Video games can do almost anything. They can empower you with invincibility stars or decimate your confidence after three seconds of Dark Souls. But rarely do video games ever succeed at being sexy. Even moreso than superhero comics, video games have had a rough time depicting a virtual bout of blanket hornpipe. Part of it is the fact that tapping buttons and spinning analog sticks just doesn't do a whole lot to approximate what it's really like to bump uglies. Even if it's only featured in a cutscene or in the background, video game sex almost always turns out awkward -- but developers and publishers decide to leave it in anyway. Except for this first one...
It's impossible to talk about awkward sex in video games without mentioning Grand Theft Auto's' "Hot Coffee" incident. If you weren't alive in 2005 -- well, first give us some of your pure virgin blood so that we may imbibe on the Devil's Night to retain our human form -- but if you aren't otherwise familiar, "Hot Coffee" referred to explicit sex scenes hidden in the code of GTA: San Andreas. You couldn't view or play the scenes it without modding the game, but that didn't stop it from boiling the ankle-length britches of parents and news stations across the country. All that furor over this:
What first appears to be a very unorthodox zipper repair is actually one of the first instances of fellatio depicted in a video game. Looking at it now, it's not really that different than the tame sexual detours in stuff like God of War. It's not even softcore Skinemax level -- she's wearing underwear, and our view of what is most certainly a highly-detailed visual representation of a blowjob is obscured. What could be so--
Oh. I guess I can see the trouble here. Despite the fact that their clothes are on, this is definitely detailed (and hilarious) playable sex. What's truly baffling is that some programmer made this at the behest of the Sam Houser, one of the masterminds behind the series. In Houser's view, the only way for video games to be seen on the same artistic level as books and movies was to include graphic sex minigames to allow the player to digifuck their rubbery in-game girlfriends. The ESRB thought differently, and so the scenes were cut in order to get an M rating. The game sold millions of copies anyway, because jetpacks are an acceptable substitute for sex.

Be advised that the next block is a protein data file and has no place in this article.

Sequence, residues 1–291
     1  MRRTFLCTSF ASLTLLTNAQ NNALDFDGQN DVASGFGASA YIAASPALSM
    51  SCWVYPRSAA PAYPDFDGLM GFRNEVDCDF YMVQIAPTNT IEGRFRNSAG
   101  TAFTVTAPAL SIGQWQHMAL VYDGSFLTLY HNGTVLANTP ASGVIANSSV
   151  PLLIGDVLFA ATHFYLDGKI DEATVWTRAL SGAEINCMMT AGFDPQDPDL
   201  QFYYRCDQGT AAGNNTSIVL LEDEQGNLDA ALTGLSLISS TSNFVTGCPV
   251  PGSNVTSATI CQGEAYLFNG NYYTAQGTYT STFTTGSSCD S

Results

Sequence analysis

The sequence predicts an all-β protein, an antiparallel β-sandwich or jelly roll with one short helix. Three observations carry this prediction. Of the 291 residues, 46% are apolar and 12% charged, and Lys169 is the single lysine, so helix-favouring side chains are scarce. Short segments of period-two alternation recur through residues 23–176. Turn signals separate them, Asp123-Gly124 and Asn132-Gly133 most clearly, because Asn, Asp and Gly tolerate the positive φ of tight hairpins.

You can do some pretty messed up stuff to your Sims. You can electrocute them, you can make them wallow in their pee or even instill them with an inescapable sense of self-doubt that will haunt them for their professional lives. But the most common Sim-sadism comes when you force two people into emotionless boinking by repeatedly clicking their faces together until one of them reluctantly whimpers: "Woo... Hoo." If a Sim should die a horrific but purely accidental death in a doorless room with nothing but a fireplace and a stack of wicker baskets, then you're screwed out of screwing. Well, unless you make your Sim into a ghost.
That's right, with some finagling you are able to spark relationships and do coitus with spooky ghosts. But to what end? Are ghosts even good between the sheets? It seems like it'd be like it'd be about as satisfying as humping a light breeze. And it's not like you could even get a Sim ghost pregnant if you wante--
Oh, wow. The implications here are intense. If ghosts can do it and then get pregnant, what really separates the living from the dead? Do the babies stay babies forever like the toys in Toy Story? Is there a Sims cheat-code to un-learn things?